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Here's the basic chart:
Be aware that "food thermometer" means a digital thermometer.
Sam is a trusted home cook.
I think the goverment suggestions are bit overly cautious for most things and make somethings super dry and overcooked.
Remember when you measure temp...and take meats out of the oven there's about a 5-10 deg rise in internal temp while it's resting. If you go 'by the book' with oven heat...you can end up with dry over cooked stuff that's risen to up to 10 degs over the resting temp.
Until recently the USDA's pork temps were way off base, holdovers from days when trichinosis was a serious problem and thermometers all had dials. Current recommendations include a small margin for safety knowing errors can *easily* occur when a thermometer is of the analog variety, out of calibration, or used improperly. Any health inspector will confirm that most thermometers are out of spec (and they see only the pros' tools who should know better).
To safely bend the rules, one must know all the issues in play. In a world where two thirds of poultry is contaminated with salmonella, campy or E. coli (and in many cases, all three, and, yes, that includes organic birds) better safe than so very, very sorry.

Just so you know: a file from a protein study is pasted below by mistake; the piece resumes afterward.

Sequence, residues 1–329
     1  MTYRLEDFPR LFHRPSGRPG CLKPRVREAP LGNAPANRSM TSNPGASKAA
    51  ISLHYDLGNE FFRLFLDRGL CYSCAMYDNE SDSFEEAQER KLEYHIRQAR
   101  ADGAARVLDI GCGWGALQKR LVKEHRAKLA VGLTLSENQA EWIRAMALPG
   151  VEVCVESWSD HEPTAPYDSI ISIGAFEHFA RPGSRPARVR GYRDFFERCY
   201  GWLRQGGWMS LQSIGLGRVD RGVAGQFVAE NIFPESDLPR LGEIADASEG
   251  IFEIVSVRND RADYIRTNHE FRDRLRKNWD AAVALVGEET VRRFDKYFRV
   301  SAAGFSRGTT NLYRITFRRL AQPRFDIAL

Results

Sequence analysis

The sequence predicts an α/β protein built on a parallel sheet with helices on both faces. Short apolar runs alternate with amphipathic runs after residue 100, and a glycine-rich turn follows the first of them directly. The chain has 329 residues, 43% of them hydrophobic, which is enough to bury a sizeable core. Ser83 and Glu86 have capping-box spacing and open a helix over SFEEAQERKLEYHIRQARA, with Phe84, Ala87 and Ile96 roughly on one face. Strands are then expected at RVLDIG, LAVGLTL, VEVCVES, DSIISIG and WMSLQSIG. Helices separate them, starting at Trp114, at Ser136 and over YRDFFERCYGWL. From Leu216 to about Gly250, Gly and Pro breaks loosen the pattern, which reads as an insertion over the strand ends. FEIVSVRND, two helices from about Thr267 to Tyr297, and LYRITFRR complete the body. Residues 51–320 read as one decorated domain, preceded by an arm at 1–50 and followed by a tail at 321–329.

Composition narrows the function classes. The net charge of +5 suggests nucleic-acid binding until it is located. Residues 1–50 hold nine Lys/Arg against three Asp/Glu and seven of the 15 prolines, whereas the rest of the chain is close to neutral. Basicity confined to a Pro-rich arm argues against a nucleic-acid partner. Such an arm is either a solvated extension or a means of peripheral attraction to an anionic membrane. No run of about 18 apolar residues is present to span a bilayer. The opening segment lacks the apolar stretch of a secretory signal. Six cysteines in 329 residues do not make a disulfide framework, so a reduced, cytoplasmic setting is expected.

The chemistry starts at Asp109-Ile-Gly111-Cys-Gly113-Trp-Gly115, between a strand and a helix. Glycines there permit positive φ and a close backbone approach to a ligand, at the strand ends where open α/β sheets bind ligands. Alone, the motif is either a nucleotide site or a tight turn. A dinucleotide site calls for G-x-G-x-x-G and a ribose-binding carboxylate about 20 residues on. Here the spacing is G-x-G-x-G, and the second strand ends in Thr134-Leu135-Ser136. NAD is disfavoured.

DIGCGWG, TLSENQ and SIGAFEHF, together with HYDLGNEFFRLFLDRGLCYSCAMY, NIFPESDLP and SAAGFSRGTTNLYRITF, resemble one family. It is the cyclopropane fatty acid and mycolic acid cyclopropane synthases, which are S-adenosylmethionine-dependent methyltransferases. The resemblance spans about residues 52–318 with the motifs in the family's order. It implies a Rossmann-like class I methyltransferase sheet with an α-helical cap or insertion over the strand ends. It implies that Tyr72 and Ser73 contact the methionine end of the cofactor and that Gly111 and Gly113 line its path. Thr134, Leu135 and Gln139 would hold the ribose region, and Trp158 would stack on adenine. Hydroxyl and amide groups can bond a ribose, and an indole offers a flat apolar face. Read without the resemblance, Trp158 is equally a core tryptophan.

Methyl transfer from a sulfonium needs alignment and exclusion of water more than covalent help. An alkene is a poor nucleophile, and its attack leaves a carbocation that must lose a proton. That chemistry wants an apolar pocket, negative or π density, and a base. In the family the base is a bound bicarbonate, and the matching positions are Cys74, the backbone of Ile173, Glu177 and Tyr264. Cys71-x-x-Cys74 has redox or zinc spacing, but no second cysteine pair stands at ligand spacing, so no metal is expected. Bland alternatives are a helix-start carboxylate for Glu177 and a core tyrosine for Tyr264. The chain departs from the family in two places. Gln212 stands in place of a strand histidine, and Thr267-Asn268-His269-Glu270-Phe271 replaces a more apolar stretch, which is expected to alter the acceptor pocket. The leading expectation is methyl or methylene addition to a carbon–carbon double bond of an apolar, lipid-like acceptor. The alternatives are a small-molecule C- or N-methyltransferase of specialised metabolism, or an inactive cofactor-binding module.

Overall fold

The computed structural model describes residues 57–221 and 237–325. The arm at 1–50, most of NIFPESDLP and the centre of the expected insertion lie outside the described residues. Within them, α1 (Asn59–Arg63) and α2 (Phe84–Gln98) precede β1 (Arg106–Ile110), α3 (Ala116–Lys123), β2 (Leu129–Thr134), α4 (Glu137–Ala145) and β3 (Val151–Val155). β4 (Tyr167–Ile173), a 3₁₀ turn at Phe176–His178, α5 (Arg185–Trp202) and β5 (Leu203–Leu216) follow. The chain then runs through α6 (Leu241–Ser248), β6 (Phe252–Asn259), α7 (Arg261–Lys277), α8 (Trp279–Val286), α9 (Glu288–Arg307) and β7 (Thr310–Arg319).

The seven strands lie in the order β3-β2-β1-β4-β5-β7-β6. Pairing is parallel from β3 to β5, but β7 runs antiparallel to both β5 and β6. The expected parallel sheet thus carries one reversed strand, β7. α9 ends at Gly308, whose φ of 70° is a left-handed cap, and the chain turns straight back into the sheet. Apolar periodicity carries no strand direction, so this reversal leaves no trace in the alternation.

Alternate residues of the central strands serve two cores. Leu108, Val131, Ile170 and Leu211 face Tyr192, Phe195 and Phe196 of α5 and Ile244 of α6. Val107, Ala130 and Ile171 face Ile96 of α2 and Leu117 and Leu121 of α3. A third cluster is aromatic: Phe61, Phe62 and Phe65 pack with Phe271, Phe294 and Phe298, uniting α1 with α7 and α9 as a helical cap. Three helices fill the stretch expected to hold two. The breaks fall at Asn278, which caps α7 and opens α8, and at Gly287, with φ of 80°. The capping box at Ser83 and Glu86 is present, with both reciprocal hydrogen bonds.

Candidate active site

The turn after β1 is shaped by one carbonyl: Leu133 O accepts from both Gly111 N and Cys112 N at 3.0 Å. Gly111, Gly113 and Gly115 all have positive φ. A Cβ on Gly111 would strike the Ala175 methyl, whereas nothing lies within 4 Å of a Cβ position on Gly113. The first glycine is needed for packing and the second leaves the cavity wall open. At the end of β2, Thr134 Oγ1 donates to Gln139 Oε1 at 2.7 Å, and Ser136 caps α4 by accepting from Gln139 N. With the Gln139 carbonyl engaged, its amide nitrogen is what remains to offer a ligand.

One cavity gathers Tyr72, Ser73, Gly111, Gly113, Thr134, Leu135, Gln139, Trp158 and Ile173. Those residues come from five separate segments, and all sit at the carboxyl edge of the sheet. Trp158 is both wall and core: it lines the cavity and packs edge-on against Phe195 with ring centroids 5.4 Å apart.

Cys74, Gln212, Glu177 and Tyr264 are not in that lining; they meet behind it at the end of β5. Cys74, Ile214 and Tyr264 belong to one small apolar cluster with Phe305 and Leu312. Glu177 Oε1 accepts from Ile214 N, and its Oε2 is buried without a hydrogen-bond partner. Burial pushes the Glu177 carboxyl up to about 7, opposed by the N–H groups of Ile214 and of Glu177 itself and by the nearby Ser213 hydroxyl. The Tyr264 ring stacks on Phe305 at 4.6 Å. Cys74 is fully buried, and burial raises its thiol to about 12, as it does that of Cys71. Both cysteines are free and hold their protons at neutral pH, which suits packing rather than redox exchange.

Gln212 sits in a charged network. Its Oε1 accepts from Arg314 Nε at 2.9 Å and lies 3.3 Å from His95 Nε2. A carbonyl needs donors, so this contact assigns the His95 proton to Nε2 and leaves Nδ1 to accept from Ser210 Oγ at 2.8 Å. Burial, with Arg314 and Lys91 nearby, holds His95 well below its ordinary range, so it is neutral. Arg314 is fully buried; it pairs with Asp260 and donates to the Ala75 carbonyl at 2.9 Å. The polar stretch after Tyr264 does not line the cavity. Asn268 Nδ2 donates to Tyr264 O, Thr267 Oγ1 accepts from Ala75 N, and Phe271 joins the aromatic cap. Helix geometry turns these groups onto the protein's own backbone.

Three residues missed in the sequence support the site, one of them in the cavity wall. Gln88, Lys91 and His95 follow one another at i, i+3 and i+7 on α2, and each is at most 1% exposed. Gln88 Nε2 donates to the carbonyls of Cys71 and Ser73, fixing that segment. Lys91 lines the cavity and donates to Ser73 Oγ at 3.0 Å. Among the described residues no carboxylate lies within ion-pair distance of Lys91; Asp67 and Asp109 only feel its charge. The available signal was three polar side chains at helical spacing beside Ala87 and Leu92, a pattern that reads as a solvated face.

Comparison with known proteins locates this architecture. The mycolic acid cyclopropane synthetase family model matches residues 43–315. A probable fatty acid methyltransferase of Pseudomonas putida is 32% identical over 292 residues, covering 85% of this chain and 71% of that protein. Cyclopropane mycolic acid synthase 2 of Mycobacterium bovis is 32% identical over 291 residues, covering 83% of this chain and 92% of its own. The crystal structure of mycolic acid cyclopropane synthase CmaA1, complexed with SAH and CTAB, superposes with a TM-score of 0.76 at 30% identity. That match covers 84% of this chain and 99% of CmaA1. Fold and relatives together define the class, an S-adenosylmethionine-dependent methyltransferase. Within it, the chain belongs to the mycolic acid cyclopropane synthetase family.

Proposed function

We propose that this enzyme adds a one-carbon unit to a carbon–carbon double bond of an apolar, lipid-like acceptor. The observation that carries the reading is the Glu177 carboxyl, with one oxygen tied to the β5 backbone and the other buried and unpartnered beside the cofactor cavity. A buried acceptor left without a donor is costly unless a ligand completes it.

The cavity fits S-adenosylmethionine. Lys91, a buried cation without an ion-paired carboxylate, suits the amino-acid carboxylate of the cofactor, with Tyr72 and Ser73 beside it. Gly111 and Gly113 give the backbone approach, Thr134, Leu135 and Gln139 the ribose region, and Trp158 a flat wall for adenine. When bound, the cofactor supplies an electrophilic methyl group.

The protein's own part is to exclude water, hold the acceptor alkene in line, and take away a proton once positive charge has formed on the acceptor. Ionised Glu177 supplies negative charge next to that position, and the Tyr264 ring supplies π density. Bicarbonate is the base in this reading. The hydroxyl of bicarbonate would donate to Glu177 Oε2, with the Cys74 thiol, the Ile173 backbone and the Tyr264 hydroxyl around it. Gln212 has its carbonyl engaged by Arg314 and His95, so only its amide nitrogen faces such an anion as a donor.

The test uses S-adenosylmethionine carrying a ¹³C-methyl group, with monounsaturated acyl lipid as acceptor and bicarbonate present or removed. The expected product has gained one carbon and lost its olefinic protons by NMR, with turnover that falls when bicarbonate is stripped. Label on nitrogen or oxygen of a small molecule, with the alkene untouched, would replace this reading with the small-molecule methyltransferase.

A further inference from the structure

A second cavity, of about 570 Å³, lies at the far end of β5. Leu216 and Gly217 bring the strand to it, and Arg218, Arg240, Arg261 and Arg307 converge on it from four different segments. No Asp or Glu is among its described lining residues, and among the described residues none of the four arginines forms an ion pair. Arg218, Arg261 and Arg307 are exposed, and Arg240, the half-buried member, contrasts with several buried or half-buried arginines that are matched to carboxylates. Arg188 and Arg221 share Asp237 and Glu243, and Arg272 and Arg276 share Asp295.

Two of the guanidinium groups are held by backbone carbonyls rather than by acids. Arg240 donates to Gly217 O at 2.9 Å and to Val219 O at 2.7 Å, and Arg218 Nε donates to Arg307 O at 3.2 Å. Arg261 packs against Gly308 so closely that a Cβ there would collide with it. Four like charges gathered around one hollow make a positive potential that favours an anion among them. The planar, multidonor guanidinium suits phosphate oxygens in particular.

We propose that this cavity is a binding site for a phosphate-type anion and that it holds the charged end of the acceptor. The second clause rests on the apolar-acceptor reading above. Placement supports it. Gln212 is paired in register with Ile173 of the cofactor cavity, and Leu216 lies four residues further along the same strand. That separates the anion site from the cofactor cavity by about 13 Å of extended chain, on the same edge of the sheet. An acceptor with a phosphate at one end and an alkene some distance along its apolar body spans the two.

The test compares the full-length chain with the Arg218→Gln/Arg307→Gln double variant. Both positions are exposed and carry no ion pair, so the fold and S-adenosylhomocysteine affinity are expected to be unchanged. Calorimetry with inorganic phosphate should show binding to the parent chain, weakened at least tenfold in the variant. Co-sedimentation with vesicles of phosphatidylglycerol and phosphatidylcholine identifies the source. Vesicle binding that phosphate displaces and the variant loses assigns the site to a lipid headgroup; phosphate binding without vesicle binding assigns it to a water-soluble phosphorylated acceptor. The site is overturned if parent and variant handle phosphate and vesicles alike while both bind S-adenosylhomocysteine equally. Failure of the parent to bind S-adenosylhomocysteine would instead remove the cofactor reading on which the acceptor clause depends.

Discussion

Incidentally, perhaps ironically (and hopefully interestingly) the cart lists "poultry parts" at 165F -- and that's true from a safety standpoint but legs and thighs should be cooked about 10 degrees higher from a culinary perspective.
Cookingissues.com... Look at their guide for poly science sous vide and it shows comprehensive temperatures (obviously you dot have to sous vide)
This is what I meant by knowing all the issues in play before bending the rules. Chicken breasts, cooked to 147F sous vide, should be safe from most microorganisms due to time spent at temperature. Cooked in a skillet, a possible trip to the hospital.
I'm not sure how long it takes to kill marine parasites at 125F sous vide (if ever), but I'm certain they can survive that temperature in a skillet. And, again, sous vide circulators are very precise -- not something that can be said about most thermometers. Using fish as an example, it's technically safe at 140F, the USDA spec is 145 -- a *very* small margin for error.
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